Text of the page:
With the school and presbytery safely constructed, attention turned to the building of a new church. Previous priests had not been idle in this regard – Father Van Paemal had explored enlarging and improving the original 1837 building, but the death of De Lisle in 1878 almost certainly ended any possibility of that. Father O’Reilly had himself sought estimates for the renovation and enlargement of the 1837 chapel later in 1900, but it was decided that due to the poor state of the building a new one would be needed. Building of the new Church thus began in October 1904. The builders, Walter Moss of Coalville, won the tender with a construction quote of £5,455.00. This would be around £562,000 today!  The first stone was laid in May 1905, and the first mass was said on March 25th in 1906.

The original building plans show the church comprising of the aisled nave and sanctuary, but the tower, North Chapel (organ loft) and the upper stages of the Sanctuary were left out due to lack of funds. It is not known if they were built at the time of opening in 1906, but they were certainly erected by 1907. The tower, 75ft above ground level,  was added at a later date, thanks to the generosity of Samuel Wilson Hallam, who pledged £2,000 in his will for the construction of the tower and bells with the caveat that it would only be given after the death of his widow. Mrs Hallam died a fornight after her husband , so construction began much sooner than expected! The tower was completed by 1910 and contains, in 4 stages, a Choir Vestry, Organ Chamber/Ringing Loft and Belfry. The top of the tower itself commands an impressive view and the tower can be seen from nearly anywhere in the village.

The newly constructed Church, as yet without a tower, in 1906. Taken from behind the School.

The newly constructed Church, as yet without a tower, in 1906. Taken from behind the School.

With building work completed, attention turned to fund raising to cover the costs and the school hall was used extensively for dances, concerts, sales of work and other events. The school field, then privately owned, was also utilised for garden parties. This practice still continues today with the annual Summer and Winter fetes being held on the school field and in the school hall respectively.

One building which Canon O’Reilly never managed to secure was a ‘Parish Hall’. In November 1924 he wrote to the Bishop that “My schools, although spacious, are not suited to that purpose [A hall especially for parishioners]“. His dream was finally realised in 1997 however with the opening of our Parish Rooms, more information on which can be found on their own page.

 May 1937 saw the Mission celebrate its 100 year anniversary with great solemnity and ceremony. Representatives of all those involved in the foundations of the Church were present at a special service. More recently the Church held a flower festival to celebrate 175 years of the Whitwick Mission in 2012.

 The Modern Church

In accordance with the changes to the Church liturgy over the years, the interior and uses of the church have changed a little – mostly this occured after Vatican II with the removal of the pulpit and altar rails.

A traditional 15-bell chime was installed in the tower by Taylors of Loughborough in 1960. The bells can often be heard after Sunday mass or occasionally after a wedding!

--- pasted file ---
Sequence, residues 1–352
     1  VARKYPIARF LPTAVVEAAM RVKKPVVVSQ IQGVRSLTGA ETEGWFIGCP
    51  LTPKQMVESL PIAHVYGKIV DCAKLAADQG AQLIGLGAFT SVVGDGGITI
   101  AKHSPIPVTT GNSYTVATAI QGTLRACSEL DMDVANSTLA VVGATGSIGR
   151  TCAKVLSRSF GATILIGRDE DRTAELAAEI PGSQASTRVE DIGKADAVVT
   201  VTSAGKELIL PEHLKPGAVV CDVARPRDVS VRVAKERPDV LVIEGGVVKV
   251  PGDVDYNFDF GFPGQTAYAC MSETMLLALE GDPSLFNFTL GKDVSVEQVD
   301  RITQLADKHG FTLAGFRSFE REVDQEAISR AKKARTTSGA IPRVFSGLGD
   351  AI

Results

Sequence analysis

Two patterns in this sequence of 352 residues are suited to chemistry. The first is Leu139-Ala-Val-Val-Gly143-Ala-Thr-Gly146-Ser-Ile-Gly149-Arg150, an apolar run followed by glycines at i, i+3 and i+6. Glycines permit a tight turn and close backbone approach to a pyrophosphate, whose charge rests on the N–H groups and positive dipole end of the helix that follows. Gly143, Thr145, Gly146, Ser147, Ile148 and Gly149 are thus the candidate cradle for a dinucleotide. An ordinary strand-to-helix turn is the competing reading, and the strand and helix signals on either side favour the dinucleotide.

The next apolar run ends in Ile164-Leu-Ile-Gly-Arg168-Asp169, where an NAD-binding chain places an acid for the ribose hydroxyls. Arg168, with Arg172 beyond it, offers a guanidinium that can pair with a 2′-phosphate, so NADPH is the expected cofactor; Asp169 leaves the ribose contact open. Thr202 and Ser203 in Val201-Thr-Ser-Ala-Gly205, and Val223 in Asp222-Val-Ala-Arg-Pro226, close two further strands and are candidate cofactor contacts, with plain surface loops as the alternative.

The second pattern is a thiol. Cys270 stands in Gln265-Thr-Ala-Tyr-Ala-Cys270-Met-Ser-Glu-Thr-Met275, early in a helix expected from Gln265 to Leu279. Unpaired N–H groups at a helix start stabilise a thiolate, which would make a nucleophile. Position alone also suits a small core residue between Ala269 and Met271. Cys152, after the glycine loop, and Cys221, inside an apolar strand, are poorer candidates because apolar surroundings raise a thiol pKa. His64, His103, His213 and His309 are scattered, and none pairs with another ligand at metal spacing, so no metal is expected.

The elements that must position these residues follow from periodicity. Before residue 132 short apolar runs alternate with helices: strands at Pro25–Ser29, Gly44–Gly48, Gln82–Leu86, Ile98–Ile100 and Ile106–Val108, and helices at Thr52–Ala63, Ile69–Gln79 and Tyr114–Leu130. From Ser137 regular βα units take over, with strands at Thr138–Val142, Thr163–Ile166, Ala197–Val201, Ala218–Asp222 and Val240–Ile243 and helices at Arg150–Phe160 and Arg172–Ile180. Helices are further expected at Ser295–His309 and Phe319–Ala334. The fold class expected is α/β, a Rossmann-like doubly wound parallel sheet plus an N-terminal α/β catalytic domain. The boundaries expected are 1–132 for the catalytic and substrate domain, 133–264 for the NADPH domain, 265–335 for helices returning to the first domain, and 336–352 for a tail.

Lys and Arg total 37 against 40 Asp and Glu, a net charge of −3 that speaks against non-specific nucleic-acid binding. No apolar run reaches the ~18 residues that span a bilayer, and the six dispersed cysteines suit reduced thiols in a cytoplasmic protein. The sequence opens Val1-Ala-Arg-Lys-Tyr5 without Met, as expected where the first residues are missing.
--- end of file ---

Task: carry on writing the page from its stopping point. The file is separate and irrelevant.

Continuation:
Our current organ was installed in August 1964 by J.W Walker & Sons and is still in regular use today. This replaced the older, hand pumped example which many of the older parishioners can still remember.

The building interior was extensively modernised during the 1980s to allow it to move forwards into the new century – this included extensive rewiring,  new lighting and a new central heating system as well as carpeting throughout and a full re-decoration. Since the year 2000 we have added additional radiators, ceiling fans and 2014 saw us replace the aging light fittings throughout the building.

Parish Priests of Holy Cross

The stability of the parish is such that the last 175 Years we have been served by only 11 priests to date, the longest serving of which was resident for 46 years. We have been fortunate enough that in some unsettled periods, particularly in the mid 1800s, Whitwick has been able to call upon Mount St Bernard Abbey for assistance, a function they still perform on occasion to the present day.

Between 1844-1859 the parish was served by a mixture of Rosminian priests, based out of Grace Dieu, and for a brief three year period by priests of the Oblates of Mary Immaculate (known as the Conceptionists). This was partly down to Ambrose de Lisle, who had a vision for three Rosminian fathers to base themselves at Grace Dieu and manage the Whitwich, Shepshed and Grace Dieu missions from there. His vision was never realised, although the Rosminian priests did serve the parish at different times detailed below. The Rosminians finally withdrew from the Charnwood Forest missions in 1852, however, they still to this day serve St Mary’s Church in nearby Loughborough.

With the arrival of Father Bent in 1859, Whitwick has never been without a permanent Priest.

Parish Priests Chronology

1837 – Construction of first Church. Served by Father Odilo Woolfrey from Mount St. Bernard Abbey

1840-1844 – Father Samuel Whitaker

1844-1845 – Served from Mount St Bernard Abbey

1845-1848 – Oblates of Mary Immaculate

1848-1849 – Father F Signini (Institute of Charity)

1849-1850 – Served from Mount St Bernard Abbey

1850-1852 – Father N Lorraine (Institute of Charity)

1852-1859 – Served by Father Ignatius Sisk from Mount St Bernard Abbey

1859-1865 – Father G Bent

1865-1885 – Father Angelus Van Paemal

1885-1888 – Father Joseph Jackson

Second Church constructed 1906

1888-1934 – Canon Matthew James O’Reilly

1934-1956 – Monsignor Canon Henry Alphonsus Hunt

1956-1979 – Monsignor Canon Arthur Bird

1979-1984 – Father Peter Joseph Neary (BSc VF)

1984- 1991 – Father Thomas J Godley

1991 – 2001- Father Michael Bell (Rev Provost)

2001 – Present – Father James Cahill